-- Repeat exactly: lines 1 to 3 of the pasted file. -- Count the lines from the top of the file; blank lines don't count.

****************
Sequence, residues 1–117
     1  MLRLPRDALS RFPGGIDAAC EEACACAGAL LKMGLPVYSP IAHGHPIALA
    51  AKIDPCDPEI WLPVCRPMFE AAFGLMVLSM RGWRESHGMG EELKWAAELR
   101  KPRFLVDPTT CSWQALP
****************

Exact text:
Sequence, residues 1–117
     1  MLRLPRDALS RFPGGIDAAC EEACACAGAL LKMGLPVYSP IAHGHPIALA
    51  AKIDPCDPEI WLPVCRPMFE AAFGLMVLSM RGWRESHGMG EELKWAAELR